ONTARIO RENTAL PROPERTY OWNERS SEEK GOVERNMENT COMPENSATION FOR ‘PROFESSIONAL TENANTS’
Members of an advocacy group for rental property owners say they’re frustrated with a provincial system that limits their rights and forces them to house “professional tenants” who take advantage of Ontario Landlord and Tenant Board (LTB) hearing delays.
Sherry Halsted, a Stoney Creek resident with six rental properties, is a member of Small Ownership Landlords of Ontario (SOLO), a group planning an April 29 protest at Mississauga’s Celebration Square from 10 a.m. to 6 p.m.
Halsted and partner Cam Shearer had hoped to sell their Hamilton rental property near the height of the real estate market in February 2022.
Having recently retired, Halsted and Shearer planned to use proceeds of the sale to cover everyday living expenses, along with reducing the stress of maintenance, repairs and tenant issues.
Their paralegal submitted an N12 notice to the tenant, used to terminate a tenancy when the property owner, a purchaser or a family member requires the rental unit. Another notice, known as an L2, was filed March 23, 2022, with the LTB.
Halsted said the tenant was given three months to move, one month longer than the LTB requires. Halsted said the tenant was offered an incentive known as “cash for keys,” plus the required one-month compensation. But the tenant refused to move and waited for an LTB hearing date.
Meanwhile, Halsted and Shearer had secured a willing buyer, but as the sale was set to close, the tenant still refused to move. A hearing with the LTB was eventually scheduled for Oct. 20, but by that time the sale had collapsed.
Halsted and Shearer were left with a rental property that had decreased by $192,000, according to a realtor’s valuation. The real estate agents and brokers lost their commissions, and the would-be buyers were left without a home.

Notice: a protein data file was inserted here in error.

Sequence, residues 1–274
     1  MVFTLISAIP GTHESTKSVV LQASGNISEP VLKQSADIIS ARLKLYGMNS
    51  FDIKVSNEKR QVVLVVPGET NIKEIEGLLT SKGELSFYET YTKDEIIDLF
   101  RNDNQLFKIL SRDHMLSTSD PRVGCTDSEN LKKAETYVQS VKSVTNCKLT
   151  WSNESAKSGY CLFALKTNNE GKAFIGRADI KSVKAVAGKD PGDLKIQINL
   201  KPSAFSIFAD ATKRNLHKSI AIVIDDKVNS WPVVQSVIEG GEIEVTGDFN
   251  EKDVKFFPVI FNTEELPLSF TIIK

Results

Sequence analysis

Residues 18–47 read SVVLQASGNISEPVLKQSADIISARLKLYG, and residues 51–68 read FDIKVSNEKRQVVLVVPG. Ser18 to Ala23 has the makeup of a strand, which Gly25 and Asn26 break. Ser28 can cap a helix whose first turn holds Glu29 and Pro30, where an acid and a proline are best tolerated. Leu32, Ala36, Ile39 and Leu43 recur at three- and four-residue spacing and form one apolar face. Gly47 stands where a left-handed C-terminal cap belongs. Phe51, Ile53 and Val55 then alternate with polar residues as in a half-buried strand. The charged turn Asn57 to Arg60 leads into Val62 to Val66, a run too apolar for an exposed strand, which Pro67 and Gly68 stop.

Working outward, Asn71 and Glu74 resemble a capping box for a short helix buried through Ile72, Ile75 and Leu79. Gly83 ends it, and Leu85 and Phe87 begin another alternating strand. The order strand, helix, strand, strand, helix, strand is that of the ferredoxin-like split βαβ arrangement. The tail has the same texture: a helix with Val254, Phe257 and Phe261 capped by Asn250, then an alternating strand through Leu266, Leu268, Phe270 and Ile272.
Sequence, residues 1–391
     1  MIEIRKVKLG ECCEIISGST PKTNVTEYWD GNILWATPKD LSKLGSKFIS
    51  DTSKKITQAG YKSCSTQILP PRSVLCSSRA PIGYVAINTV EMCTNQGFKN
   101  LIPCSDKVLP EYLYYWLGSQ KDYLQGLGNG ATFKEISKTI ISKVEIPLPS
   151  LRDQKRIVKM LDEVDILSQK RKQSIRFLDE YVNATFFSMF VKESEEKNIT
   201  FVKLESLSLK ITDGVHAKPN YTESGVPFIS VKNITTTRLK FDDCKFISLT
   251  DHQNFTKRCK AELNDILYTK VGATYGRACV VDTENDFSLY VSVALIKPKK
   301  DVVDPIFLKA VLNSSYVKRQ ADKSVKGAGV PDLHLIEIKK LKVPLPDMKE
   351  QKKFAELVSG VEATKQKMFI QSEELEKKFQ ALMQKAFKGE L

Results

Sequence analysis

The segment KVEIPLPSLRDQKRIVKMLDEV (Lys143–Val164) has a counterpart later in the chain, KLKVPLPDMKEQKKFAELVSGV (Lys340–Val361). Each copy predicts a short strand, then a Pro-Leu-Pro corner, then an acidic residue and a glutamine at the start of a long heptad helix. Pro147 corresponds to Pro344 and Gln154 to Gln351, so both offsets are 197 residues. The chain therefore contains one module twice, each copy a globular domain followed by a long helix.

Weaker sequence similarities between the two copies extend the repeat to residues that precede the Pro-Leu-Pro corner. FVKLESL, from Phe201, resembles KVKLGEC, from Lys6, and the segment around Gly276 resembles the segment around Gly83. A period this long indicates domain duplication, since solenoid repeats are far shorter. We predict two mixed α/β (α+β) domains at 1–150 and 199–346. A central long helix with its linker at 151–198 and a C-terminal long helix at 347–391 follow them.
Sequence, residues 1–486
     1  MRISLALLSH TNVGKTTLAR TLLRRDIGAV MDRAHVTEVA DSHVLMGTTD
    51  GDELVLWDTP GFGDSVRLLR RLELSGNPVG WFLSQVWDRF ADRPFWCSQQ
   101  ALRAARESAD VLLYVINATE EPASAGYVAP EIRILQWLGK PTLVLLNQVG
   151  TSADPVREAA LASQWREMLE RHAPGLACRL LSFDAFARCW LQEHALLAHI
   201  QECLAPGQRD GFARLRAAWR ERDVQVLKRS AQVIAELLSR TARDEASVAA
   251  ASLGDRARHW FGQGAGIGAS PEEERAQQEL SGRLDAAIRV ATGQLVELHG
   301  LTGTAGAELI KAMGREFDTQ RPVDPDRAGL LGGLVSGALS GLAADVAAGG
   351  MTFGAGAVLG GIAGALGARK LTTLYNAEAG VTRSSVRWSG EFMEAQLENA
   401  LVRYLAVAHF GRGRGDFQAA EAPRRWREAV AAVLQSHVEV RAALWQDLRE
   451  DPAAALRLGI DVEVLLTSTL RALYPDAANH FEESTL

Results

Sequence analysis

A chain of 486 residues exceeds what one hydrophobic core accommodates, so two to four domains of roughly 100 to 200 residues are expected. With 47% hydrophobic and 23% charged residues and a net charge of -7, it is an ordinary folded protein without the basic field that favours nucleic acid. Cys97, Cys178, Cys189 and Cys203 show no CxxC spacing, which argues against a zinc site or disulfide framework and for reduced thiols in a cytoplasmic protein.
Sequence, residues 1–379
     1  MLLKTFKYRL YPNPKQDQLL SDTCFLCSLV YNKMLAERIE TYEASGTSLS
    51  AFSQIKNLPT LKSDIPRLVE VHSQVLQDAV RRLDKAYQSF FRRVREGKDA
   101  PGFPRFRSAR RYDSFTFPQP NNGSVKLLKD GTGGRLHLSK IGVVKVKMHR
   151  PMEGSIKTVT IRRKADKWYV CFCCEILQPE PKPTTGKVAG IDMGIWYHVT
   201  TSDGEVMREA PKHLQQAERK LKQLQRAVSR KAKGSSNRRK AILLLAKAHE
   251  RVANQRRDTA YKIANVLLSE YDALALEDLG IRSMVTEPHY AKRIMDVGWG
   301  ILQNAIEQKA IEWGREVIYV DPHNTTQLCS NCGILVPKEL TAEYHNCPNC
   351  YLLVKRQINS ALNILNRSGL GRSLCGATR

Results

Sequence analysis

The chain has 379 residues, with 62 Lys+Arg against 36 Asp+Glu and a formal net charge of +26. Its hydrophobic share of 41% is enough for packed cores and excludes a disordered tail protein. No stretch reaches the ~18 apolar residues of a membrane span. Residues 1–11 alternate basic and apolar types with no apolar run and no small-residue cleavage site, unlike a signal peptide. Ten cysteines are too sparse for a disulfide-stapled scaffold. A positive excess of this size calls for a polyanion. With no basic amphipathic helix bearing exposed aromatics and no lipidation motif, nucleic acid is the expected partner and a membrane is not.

“It was a very frustrating, time consuming, and stressful situation for everyone,” Halsted recalled. “The buyers had signed an affidavit that they were moving into the property and (were) going to live there for at least a year. The buyers had nowhere to go, as they had sold their own property.”
Since the initial sale agreement fell through, Halsted and Shearer have tried to relist the home, but with buyers demanding vacant possession, the property has garnered no offers.
Halsted and Shearer had hoped to sell another property they own in Stoney Creek, but upon notifying the tenants of the plan, Halsted said the occupants vowed to make it difficult for the owners to sell the property.
“I can’t even get out of being a landlord anymore,” Halsted said.
Halsted has heard the news about the province’s plans to hire more LTB adjudicators but remains skeptical.
“The struggles of small landlords continue to remain inconsequential to the Ontario government, who, through their inaction, have signalled a lack of concern,” said Halsted.
Boubacar Bah, SOLO co-founder, said the organization is staging the April 29 protest to demand compensation from the provincial government for unreasonable delays in scheduling LTB hearings, among other issues.
“The biggest issues that we have, even before COVID, was the length of time to get to the hearing,” said Bah.
Bah said “professional tenants” can exploit hearing delays by withholding rent payments, while small property owners, who lack the financial resources of corporate landlords, fall into financial turmoil.
“The main issue is the government is forcing small landlords to have people living for free,” said Bah. “We call them professional tenants.”
While Bah acknowledged some property owners may be exploiting tenants to maximize profits, he noted property owners can face fines of up to $50,000 while tenants often face fewer consequences.
Some SOLO members have faced financial ruin from tenants who have withheld rent, Bah noted. In one case brought to SOLO’s attention, a young Hamilton rental property owner died by suicide after a tenant’s nonpayment of rent created an extreme financial hardship.
Bah said SOLO is also asking the government for a system like New Brunswick, where an eviction can proceed without an LTB hearing in cases where non-payment of rent is the sole concern.
Story by: The Hamilton Spectator